Last year was a scary offseason as they moved on from three key starters in Amari Cooper, Randy Gregory, and La’el Collins. New acquisitions like Dante Fowler and Sam Williams and more edge rushing snaps from Parsons helped them not miss Gregory at all as the Cowboys had one of the top edge rushing win rates in the NFL. They also didn’t miss La’el Collins as Terence Steele showed everyone why the Cowboys were wise to release the veteran right tackle.

The player they did miss was Amari Cooper, who the Cowboys learned they had no replacement for. With many different options that included free agent James Washington, third-round draft pick Jalen Tolbert, former USFL MVP KaVonte Turpin, and returning youngster Simi Fehoko, you’d think someone would present themselves as a viable option, but only Noah Brown elevated his game. And with Gallup still not a full health, this put the Cowboys' passing game in a tough spot.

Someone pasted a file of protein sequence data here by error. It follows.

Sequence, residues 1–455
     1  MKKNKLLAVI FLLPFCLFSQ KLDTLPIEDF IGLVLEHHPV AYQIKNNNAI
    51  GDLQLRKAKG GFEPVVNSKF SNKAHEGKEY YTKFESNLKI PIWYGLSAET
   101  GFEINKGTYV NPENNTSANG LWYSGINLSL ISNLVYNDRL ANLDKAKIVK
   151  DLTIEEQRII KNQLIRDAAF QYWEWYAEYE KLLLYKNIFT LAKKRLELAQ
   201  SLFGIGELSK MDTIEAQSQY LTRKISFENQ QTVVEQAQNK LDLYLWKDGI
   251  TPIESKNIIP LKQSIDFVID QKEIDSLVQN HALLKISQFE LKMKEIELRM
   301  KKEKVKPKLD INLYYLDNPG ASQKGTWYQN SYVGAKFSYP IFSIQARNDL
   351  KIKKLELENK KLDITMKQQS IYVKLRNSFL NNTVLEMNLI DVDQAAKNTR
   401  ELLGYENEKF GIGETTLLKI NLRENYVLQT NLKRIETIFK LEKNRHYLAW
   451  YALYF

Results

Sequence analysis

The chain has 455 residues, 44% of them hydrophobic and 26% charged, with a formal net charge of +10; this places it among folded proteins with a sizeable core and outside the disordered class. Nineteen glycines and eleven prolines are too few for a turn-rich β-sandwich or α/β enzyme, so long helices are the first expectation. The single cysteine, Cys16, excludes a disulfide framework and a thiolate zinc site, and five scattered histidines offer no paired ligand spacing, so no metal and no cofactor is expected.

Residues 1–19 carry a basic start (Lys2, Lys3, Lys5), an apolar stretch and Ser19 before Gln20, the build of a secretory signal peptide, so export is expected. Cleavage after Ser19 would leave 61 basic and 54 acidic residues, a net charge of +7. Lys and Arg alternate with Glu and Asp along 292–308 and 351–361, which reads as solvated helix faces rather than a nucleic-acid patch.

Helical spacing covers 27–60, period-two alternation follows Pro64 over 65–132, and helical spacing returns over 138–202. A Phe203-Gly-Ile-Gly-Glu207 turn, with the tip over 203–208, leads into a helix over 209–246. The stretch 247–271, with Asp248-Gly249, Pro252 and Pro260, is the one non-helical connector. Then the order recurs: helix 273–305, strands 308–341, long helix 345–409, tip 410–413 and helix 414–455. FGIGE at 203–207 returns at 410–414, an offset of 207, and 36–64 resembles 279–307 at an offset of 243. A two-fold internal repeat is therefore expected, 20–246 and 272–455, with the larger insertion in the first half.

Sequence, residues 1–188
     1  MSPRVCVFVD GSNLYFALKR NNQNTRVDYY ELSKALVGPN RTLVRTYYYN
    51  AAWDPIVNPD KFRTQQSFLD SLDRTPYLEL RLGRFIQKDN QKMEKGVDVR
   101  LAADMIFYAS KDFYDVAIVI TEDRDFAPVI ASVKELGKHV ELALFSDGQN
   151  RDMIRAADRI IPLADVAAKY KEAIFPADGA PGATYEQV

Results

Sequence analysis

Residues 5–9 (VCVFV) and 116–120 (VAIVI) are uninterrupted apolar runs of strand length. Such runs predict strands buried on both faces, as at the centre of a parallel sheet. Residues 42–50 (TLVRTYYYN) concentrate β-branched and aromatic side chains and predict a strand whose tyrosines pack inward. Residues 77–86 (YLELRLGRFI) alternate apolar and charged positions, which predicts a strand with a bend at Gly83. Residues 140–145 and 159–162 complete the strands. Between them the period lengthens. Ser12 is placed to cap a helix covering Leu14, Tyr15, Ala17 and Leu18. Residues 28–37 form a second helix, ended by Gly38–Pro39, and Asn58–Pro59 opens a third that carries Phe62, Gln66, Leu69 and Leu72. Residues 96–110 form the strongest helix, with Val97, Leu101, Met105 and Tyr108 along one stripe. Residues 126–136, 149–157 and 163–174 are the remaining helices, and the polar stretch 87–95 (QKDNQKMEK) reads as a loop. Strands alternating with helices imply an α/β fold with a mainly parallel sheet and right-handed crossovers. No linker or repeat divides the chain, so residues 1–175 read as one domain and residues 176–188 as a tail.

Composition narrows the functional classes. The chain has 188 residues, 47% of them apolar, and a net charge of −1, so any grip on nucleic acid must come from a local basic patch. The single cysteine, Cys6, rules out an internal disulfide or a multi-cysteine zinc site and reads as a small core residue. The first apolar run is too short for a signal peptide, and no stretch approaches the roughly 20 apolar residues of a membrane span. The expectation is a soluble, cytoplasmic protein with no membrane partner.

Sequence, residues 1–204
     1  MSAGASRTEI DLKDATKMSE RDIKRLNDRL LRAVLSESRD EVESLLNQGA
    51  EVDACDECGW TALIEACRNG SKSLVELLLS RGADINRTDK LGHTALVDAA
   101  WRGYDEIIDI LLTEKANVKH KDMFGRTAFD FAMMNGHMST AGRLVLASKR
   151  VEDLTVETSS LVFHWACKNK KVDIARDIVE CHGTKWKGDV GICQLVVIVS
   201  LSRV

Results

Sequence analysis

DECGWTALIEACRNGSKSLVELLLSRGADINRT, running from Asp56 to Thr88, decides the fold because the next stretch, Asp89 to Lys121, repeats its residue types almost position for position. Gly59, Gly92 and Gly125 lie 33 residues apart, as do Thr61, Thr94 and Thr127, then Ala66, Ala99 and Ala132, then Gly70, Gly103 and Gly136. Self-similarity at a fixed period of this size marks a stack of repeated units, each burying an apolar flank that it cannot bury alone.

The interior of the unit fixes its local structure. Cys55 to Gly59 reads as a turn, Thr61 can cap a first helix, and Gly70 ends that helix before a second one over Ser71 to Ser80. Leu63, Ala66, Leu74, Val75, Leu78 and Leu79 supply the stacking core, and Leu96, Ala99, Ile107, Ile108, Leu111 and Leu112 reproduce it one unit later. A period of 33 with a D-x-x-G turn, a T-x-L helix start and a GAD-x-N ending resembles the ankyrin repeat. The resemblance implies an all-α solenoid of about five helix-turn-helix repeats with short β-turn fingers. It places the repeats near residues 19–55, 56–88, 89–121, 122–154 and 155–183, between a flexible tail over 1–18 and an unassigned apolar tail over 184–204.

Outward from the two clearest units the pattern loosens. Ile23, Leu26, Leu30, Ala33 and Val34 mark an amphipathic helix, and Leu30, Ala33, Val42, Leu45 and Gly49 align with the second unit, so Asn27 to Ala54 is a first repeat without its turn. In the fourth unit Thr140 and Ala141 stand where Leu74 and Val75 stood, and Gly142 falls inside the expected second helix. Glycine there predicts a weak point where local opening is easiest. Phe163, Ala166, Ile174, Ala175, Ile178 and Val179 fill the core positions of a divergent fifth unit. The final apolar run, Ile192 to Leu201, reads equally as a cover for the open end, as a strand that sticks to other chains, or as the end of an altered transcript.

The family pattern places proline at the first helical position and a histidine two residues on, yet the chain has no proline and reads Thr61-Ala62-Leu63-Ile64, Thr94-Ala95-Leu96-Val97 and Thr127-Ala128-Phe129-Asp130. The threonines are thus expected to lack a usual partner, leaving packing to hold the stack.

And now, moving on to this offseason...


Connor McGovern Chuma Edoga Free Agency
Dalton Schultz Luke Schoonmaker Draft
Ezekiel Elliott Ronald Jones Free Agency
Carlos Watkins Mazi Smith Draft
Noah Brown Brandin Cooks Trade
Luke Gifford DeMarvion Overshown Draft